An Inquiry into the Design and Aesthetics of the Venice Biennale Pavilions
Margreiter’s film Pavilion and McQueen’s film Giardini exhibited respectively inside the Austrian Pavilion and the British Pavilion at the 53rd Venice Biennale of Art, question the architecture of the pavilion in general in the constructed environment of the Giardini. Is the architecture used as a container of art or the architectural form, the container itself, to be interpreted as art? Their films are about the places in which they are shot and displayed: the pavilions themselves, the containers of art, which are transformed through the films into architectural sculpture/art objects. Arguably, Margreiter’s and McQueen’s film reveal the extent to which the modern language of architecture of the Venice pavilions, frozen in ‘space’ (within the boundary of the Giardini) and ‘time’ (still contemporary from the date of their realization), seem to conjure that particular primordial ‘timelessness’ which can be valued as one of the main attributes of contemporary architecture in general. These “kaleidoscopic spaces” which are used to haunt our memory are used to stimulate the ontological role of imagination— creating a new experience of the universe via the pavilion.
||Venice Biennale Pavilion, Design, Aesthetics, Timeless Constructed Environment
The International Journal of the Constructed Environment, Volume 1, Issue 3, pp.71-84.
Article: Print (Spiral Bound).
Article: Electronic (PDF File; 4.848MB).
Academic, Writer and Editor., University of Technology, Perth, Sydney, Australia
Dr. Cyrus Manasseh is an experienced Sydney-based writer, musician and academic, and is author of the book The Problematic of Video Art in the Museum 1968-1990 (2009). He holds a PhD from the University of Western Australia in art and philosophy and is a specialist in art, architecture, film history and critical theory. He has published numerous articles and essays on aesthetics, film, video and museology and has presented his research on film, video and spatial aesthetics in international forums in Venice, Prague, Sydney, Beijing and at Harvard University. Dr. Manasseh Lectures in the School of Design at the University of Technology, Sydney, Australia. His publications include ‘The Art Museum in the 19th Century: J. J. Winckelmann’s Influence on the Establishing of the Classical Paradigm of the Art Museum’, ‘Changing Museum Environments: Global Articulations of the Video Text [1968-1990]’, ‘The Cairo Museum, the National Museum of Athens, the Ancient Iran Museum and the Louvre: Curatorial Practices from East to West and Back’, ‘Connecting disciplines and tracing an educated imagination’, Art, Language & Machines: the Interrelationship between Marcel Duchamp, Francis Picabia & Raymond Roussel (under Roussel’s spell)’, Art without the aesthetic?: Defining conceptual & post-conceptual practices’, ‘From Passive White Cube Viewer to Active Black Cube User: Tracking Changes in Museum Environments via Installation Art’, ‘Playgrounds of Disturbance: Bruce Nauman’s “Existentialism” in a Modernist Gallery Space & the Problems of Analogue Video Art in the Gallery’.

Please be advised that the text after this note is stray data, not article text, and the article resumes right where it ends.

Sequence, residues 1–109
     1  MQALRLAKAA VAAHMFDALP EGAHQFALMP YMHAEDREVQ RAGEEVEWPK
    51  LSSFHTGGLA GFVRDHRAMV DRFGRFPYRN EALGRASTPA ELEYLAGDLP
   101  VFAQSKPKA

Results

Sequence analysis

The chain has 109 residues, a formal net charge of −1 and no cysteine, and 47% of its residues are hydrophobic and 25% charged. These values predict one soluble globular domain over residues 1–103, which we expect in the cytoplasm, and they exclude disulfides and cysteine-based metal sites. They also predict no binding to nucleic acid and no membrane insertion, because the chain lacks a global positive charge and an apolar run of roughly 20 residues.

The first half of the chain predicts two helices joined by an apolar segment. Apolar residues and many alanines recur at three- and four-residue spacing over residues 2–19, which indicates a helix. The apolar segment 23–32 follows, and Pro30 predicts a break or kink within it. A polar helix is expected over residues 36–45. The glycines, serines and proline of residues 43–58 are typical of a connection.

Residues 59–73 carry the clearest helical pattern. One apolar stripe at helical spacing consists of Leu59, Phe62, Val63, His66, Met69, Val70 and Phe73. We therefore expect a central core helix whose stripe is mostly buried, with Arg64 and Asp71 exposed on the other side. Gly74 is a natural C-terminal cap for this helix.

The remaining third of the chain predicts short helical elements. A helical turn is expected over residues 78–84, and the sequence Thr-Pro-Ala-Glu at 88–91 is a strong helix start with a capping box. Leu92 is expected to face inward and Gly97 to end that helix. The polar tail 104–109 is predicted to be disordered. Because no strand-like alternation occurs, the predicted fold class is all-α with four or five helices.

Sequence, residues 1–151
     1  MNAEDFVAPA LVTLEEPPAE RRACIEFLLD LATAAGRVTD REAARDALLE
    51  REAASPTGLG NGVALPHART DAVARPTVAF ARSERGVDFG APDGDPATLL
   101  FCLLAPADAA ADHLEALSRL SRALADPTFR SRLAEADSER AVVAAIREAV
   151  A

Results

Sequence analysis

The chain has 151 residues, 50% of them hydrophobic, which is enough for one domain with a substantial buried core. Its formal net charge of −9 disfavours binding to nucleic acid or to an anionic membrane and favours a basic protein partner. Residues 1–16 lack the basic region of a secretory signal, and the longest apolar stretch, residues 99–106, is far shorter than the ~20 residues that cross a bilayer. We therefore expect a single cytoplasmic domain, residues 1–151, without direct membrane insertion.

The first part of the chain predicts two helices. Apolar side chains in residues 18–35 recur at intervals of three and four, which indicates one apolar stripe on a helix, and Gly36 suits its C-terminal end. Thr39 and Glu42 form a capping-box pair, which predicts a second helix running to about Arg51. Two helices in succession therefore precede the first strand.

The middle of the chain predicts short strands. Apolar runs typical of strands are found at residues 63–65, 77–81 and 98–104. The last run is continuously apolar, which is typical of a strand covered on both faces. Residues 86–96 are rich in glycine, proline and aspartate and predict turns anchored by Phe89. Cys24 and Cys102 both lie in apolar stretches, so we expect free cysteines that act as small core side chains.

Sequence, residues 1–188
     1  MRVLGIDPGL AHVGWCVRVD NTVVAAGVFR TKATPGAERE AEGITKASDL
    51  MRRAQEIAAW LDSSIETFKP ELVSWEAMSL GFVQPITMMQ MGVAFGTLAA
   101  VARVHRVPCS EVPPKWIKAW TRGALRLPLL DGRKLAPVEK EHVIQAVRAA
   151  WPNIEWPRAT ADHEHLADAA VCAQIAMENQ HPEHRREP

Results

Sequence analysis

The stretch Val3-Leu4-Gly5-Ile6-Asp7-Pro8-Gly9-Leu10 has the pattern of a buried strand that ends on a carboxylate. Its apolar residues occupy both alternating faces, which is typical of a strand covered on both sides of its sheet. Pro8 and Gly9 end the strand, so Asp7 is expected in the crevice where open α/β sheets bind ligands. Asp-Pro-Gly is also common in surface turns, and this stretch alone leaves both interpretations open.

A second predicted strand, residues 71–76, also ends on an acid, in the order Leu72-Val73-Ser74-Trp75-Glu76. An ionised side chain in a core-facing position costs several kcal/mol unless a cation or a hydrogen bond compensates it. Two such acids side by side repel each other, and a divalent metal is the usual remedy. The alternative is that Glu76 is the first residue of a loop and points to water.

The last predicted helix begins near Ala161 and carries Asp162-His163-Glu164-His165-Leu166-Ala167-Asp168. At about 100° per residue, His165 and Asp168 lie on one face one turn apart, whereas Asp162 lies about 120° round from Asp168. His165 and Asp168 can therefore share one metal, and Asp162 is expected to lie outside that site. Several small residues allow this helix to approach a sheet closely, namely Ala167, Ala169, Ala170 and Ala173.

Sessional Academic, Architecture Program, Faculty of the Built Environment, The University of New South Wales, Sydney, New South Wales, Australia
Dr. Paola Favaro is a graduate of the Istituto Universitario di Architettura di Venezia (IUAV) and she has more than twenty-five years experience in architectural practice and education in an international context. She holds a PhD in architecture from the University of New South Wales, Sydney, Australia. As a sessional academic at the Faculty of the Built Environment, architecture program, Paola teaches architectural design, history and communications. Her recent publications include the book The Contribution of Enrico Taglietti to Canberra’s Architecture, (co-editor Royal Australian Institute of Architects, ACT Chapter, 2007).